Farmers in Vietnam are holding the biggest unsold coffee inventory in at least five years – months before they’re forecast to harvest a bumper crop.
Growers in the top supplier of robusta used by Nestlé SA held 35 per cent of this year’s 1.56-million-metric-tonne output at the end of May, the most since at least 2010, according to the median of eight trader estimates compiled by Bloomberg. While El Nino is seen as a threat to the next harvest, starting in October, production for now is still forecast to reach 1.72 million tonnes, matching the record in 2013-2014, the survey showed.
Swelling stockpiles may keep pressure on futures that have dropped 10 per cent in London this year and reduce the impact of output losses from the El Nino weather event, which the Australian government expects to intensify. Farmers preferred to stockpile beans rather than sell them as local prices fell to a 16-month low, cutting shipments to the lowest since 2010.
“There’s risk of a big carryover into the next crop because farmers will keep holding back sales if prices stay as low as this,” Phan Hung Anh, deputy director of Dak Lak-based Anh Minh Co., said on 2 June. Sales won’t rise much unless prices recover to about 40,000 dong ($1.83) a kilogram, Anh said.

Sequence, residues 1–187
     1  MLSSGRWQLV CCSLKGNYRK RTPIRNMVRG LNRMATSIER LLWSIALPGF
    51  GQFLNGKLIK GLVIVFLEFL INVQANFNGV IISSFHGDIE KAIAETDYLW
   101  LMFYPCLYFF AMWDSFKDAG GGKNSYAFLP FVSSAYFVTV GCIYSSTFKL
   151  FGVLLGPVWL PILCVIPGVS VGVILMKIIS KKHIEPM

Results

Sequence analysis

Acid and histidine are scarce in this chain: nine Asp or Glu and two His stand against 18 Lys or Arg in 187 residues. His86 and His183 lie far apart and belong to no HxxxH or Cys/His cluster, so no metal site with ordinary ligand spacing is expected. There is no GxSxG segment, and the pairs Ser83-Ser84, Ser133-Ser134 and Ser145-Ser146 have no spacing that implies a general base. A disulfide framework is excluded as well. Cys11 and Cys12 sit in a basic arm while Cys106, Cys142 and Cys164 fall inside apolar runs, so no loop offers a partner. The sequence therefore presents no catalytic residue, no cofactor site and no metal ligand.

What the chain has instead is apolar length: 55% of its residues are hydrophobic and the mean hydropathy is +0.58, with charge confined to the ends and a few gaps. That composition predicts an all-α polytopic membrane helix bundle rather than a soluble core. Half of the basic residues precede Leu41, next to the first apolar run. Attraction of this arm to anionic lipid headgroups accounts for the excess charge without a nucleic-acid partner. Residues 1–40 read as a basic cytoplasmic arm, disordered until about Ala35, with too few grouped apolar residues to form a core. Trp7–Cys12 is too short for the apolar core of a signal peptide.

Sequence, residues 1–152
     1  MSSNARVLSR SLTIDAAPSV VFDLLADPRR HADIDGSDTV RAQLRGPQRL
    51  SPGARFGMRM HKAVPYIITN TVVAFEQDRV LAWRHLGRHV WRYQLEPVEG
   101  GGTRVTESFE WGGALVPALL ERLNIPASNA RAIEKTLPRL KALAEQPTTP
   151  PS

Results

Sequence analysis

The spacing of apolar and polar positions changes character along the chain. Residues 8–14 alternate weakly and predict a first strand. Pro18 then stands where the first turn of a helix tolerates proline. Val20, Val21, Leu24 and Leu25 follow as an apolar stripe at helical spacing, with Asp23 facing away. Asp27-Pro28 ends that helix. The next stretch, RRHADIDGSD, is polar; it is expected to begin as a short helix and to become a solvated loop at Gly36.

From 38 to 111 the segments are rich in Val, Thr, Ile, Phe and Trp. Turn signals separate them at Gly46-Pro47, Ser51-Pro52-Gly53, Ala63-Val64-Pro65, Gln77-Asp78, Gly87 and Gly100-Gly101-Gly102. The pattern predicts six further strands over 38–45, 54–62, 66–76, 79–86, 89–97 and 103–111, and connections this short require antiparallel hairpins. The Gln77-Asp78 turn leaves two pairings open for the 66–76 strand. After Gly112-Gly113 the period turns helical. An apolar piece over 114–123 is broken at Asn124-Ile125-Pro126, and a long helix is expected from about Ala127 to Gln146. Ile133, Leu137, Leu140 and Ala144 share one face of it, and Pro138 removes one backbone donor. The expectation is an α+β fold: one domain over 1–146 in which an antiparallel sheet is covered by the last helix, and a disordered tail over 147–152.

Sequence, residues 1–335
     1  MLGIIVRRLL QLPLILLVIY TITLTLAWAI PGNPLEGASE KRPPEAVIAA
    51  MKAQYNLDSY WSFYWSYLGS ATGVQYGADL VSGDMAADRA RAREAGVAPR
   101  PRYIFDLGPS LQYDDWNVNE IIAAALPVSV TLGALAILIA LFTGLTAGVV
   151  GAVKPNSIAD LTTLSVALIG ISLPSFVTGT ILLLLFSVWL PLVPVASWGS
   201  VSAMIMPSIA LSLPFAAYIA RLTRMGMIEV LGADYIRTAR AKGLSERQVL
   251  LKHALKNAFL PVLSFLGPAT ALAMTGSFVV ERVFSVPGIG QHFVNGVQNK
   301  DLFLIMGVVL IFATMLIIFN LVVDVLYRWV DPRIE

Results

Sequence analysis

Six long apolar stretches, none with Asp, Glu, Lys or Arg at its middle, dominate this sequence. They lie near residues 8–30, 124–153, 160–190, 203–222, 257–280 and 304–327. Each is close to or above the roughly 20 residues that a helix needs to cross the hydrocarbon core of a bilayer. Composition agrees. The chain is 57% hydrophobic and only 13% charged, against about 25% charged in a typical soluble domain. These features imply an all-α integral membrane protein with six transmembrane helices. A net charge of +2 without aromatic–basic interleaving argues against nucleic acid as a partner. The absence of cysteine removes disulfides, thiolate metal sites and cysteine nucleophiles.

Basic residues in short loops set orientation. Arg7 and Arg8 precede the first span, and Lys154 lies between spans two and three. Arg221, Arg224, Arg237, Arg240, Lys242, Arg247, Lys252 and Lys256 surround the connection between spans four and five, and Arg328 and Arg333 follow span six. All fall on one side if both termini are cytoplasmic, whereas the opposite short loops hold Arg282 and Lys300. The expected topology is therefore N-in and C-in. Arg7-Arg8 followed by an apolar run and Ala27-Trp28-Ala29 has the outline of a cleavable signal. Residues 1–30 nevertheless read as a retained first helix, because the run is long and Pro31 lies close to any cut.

Beans traded at 37,100 dong after dropping to 34,000 dong on 27 May, according to data from the Trade and Tourism Centre in Dak Lak province. Robusta on ICE Futures Europe slumped to an 18-month low of $1,566 a tonne on 26 May and settled at $1,724.
Unsold reserves were 550,000 tonnes at the end of May, compared with 320,000 tonnes a year earlier, the survey showed. Growers held 48 per cent of the crop at the end of April, Nedcoffee BV said on 18 May. That compares with 42 per cent in a Bloomberg survey.
While exports from Vietnam slumped 40 per cent in the five months through May, according to the Statistics Office, sales have soared from Brazil, the world’s second-biggest grower of robusta. The nation shipped a record 7.1 million bags (426,000 tonnes) in the 12 months through April, from 4.1 million bags a year earlier, according to Rabobank International.
“The timid selling from Vietnamese farmers since the start of the crop in October is in sharp contrast with the wall of Conillons that came from Brazil,” Rabobank analysts including Carlos Mera wrote in a report emailed on 21 May, referring to robusta beans from Brazil.
Vietnamese exports will be significantly lower for the rest of the marketing year if prices do not exceed 40,000 dong, the US Foreign Agricultural Service said last month. Assuming normal weather and rebounding yields, the 2015-2016 harvest may reach 28.67 million bags (1.72 million tonnes), the unit of the Department of Agriculture said in a report.
Bloomberg News, edited by ESM